I wanted to share with you a very good article in an upcoming issue of The Nation which assesses the progress -- or lack thereof -- made by Michelle Obama's Let's Move! initiative in combating childhood obesity.
In a balanced and thorough assessment of the First Lady's efforts, the article highlights both her early gains as well as her initiative's seeming retreat in recent months as Let's Move! shifted its focus from food reform to exercise. That change in course is seen by some critics (rightly, I think) as a desire to avoid conflict with Big Food -- and its powerful lobbying arm -- in the midst of a presidential election year. The article also pointedly asks whether Let's Move! has provided political cover and invaluable PR to corporate actors like Walmart and Disney without getting sufficiently meaningful reforms in return. The Nation piece ultimately concludes that few if any truly significant changes have been made by the food industry as a result of Ms. Obama's program.
But the fact that Ms. Obama can't (or won't) wage war with Big Food has never surprised me. Above all else, the First Lady strikes me as a savvy pragmatist, pushing for reforms only where there are clear openings and likely pay-offs. That explains her active involvement in the child nutrition bill re-authorization in 2010 which led to dramatic improvements in school food this year. But she also backs off when she deems the political price too high, as when the White House summarily caved in to industry demands in the battle last year over the voluntary regulation of children's food advertising. That latter episode was deeply disheartening to those of us who care about our children's food environment, but at the same time I never expected Ms. Obama, a First Lady whose hands are tied by her husband's political aspirations, to be the rabble-rousing activist of our dreams.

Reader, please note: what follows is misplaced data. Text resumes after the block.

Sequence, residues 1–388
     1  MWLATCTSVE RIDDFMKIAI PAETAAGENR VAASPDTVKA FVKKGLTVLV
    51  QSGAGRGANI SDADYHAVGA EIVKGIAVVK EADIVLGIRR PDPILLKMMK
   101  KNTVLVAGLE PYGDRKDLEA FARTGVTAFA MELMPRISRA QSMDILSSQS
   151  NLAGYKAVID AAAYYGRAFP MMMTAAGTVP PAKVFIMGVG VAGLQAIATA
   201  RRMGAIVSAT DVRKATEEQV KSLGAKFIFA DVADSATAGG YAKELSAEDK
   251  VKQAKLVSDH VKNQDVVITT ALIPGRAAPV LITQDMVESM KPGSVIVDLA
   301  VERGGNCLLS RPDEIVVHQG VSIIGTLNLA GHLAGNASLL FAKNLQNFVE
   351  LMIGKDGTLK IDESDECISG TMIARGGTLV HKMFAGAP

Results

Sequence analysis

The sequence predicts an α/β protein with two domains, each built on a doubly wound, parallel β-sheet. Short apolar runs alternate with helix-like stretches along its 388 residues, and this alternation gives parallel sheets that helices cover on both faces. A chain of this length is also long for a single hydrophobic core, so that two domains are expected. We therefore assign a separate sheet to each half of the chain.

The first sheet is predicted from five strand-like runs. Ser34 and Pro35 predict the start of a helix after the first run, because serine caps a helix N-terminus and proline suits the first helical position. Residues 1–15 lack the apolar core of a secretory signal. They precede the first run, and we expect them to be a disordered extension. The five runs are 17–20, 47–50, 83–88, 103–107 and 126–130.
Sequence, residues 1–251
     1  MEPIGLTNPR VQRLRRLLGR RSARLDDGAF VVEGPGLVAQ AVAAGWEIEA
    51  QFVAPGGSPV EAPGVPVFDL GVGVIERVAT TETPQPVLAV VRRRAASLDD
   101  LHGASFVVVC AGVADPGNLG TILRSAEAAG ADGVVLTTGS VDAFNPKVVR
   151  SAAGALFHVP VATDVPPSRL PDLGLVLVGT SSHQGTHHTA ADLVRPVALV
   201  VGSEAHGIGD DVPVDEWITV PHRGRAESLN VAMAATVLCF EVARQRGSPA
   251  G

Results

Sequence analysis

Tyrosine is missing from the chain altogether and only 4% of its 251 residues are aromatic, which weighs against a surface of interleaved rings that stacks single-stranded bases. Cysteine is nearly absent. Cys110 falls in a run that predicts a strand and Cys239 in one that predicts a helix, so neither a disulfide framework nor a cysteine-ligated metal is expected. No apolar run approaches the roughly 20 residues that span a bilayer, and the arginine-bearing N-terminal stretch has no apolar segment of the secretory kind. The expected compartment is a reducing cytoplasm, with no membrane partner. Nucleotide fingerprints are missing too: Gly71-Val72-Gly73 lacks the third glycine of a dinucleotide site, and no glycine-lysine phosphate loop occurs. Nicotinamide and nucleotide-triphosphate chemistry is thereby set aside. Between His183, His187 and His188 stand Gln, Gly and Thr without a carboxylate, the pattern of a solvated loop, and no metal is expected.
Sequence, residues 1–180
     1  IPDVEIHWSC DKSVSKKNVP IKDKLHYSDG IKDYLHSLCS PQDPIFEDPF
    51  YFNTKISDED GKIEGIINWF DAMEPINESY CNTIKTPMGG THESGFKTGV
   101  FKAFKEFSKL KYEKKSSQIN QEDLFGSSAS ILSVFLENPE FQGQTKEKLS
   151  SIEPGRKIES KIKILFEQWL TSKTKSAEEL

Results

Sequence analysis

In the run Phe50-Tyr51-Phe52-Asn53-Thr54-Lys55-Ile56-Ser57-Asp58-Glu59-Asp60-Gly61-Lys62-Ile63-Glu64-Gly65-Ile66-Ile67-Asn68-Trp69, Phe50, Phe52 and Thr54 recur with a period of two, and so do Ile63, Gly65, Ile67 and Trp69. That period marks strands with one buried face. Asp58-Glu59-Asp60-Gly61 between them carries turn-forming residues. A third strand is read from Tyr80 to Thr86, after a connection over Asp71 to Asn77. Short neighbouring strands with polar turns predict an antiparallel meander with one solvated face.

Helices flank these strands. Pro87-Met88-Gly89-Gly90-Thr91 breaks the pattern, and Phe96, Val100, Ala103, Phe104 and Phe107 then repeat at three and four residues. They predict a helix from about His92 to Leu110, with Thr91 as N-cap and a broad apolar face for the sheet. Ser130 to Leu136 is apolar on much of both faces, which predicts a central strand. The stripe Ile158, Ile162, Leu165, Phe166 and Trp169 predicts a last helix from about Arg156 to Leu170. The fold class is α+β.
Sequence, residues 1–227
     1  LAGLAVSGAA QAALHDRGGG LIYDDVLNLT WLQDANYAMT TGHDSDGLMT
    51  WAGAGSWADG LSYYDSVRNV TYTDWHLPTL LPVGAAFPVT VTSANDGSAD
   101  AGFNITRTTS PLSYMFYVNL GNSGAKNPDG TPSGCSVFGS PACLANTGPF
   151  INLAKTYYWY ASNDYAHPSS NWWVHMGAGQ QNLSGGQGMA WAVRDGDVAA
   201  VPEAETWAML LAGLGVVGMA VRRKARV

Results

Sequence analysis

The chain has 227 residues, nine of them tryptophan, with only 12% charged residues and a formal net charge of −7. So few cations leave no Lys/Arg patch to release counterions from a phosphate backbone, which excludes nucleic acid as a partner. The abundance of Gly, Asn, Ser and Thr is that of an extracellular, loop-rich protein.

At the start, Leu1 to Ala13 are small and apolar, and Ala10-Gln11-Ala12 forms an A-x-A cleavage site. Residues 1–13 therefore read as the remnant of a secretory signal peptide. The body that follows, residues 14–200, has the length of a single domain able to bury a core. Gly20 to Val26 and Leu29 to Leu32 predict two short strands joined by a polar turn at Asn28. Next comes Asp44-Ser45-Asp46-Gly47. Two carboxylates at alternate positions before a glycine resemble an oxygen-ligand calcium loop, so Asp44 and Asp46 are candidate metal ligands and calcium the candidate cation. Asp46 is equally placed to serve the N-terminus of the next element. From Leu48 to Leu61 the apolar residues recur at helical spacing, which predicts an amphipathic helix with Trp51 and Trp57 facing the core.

For me, the bottom line is this: No one in the country has done more than Ms. Obama to bring the issue of childhood obesity front and center in the national consciousness. That she can't fix the problem from the East Wing is unfortunate, though predictable, and it doesn't negate the importance of what she has been able to achieve in the last four years.
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